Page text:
Is Your Strategy Wrong?
By: Hubert Crowell
If you are not using the 80/20 Principle to control your strategy, your strategy is more than likely wrong. You may not have an accurate picture of where you make, and lose, the most money.
Where are you making the most money?
Conduct an 80/20 Analysis of profits by different categories of your business:
Look at the sales over a given period and then determine the profit of each after allocating all of the cost for each group/type. Be careful when allocating the cost as each product will be different and have more or less activity from sales, manufacturing, etc.
When correctly allocating the cost to each product, you will usually find that some are making most of the profit and some are accounting for most of the losses, with the rest falling somewhere in between.
After products, go on to look at each customer, some will be willing to pay more but require a higher cost to service. Follow the same analysis for the remaining group/types that you have identified.
Now with all the information at hand divide your business up into segments and what products they use and determine the return on sales for each. Find the closest top 20% and the closest bottom 20%.
What actions should you take on this Analysis?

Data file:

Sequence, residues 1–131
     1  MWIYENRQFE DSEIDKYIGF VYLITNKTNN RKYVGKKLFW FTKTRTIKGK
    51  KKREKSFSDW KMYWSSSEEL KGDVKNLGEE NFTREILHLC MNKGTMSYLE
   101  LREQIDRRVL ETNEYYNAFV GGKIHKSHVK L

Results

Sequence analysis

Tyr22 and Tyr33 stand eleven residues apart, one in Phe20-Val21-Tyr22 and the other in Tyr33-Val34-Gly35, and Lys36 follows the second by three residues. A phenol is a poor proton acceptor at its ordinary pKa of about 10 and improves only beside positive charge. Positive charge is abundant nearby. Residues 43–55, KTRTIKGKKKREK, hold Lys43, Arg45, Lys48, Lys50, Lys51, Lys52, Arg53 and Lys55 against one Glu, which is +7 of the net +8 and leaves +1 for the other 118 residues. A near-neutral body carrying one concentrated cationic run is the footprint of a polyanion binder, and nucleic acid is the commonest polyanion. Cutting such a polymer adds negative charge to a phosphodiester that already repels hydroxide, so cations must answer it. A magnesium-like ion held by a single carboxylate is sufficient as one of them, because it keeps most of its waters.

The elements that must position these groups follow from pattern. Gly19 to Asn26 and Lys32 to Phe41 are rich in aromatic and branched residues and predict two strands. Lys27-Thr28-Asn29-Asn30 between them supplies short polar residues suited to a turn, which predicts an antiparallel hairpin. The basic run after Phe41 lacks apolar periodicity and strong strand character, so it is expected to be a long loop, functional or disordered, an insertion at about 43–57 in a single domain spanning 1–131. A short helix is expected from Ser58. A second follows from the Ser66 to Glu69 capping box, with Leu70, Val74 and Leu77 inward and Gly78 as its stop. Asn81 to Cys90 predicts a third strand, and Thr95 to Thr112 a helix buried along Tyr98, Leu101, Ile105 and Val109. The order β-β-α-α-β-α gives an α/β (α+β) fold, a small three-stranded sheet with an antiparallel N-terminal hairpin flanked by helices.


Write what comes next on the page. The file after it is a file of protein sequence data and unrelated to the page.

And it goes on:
Before you take any action, know what the results will be. Will reducing the resources for one segment have any affect on another segment that is showing a profit? Discuss the changes with all departments to be sure that everyone is on board and that you have not overlooked anything.
If a segment is losing money but improving you may want to give it time before shifting resources to a more profitable segment.
List each segment and assign a priority, describe the characteristic and the proposed actions for each segment.
Your goal should be to start with an 80/20 profit analysis and determine a segment strategy. Continue to refine your results and redirect your efforts to the areas where you can gain the most benefit. There will always be an 80/20 relationship between the group/types in your business, and there will always be room for improvement. The work will never be complete.
Assignment: Read Chapter 4 of The 80/20 Principle, by Richard Koch, ISBN 0-385-49174-3
Save this URL for future reference in your favorites folder.
Optional Exam: Give an example from your business where the 80/20 Analysis might result in strategy for improvement in profits.
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